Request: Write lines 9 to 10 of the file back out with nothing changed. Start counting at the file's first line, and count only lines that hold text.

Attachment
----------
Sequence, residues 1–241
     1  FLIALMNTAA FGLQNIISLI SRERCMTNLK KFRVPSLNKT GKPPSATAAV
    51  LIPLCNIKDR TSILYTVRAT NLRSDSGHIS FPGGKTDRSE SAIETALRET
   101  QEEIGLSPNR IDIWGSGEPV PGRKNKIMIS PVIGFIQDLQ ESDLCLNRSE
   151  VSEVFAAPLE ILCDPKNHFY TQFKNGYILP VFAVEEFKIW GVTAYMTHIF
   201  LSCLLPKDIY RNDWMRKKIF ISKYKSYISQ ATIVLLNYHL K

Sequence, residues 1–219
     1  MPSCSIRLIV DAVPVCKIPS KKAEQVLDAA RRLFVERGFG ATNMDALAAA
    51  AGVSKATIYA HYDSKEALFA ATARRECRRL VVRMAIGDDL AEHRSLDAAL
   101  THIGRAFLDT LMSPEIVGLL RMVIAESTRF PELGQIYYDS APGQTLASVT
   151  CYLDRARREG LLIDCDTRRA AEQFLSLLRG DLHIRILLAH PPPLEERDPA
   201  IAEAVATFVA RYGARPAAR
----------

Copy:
    51  AGVSKATIYA HYDSKEALFA ATARRECRRL VVRMAIGDDL AEHRSLDAAL
   101  THIGRAFLDT LMSPEIVGLL RMVIAESTRF PELGQIYYDS APGQTLASVT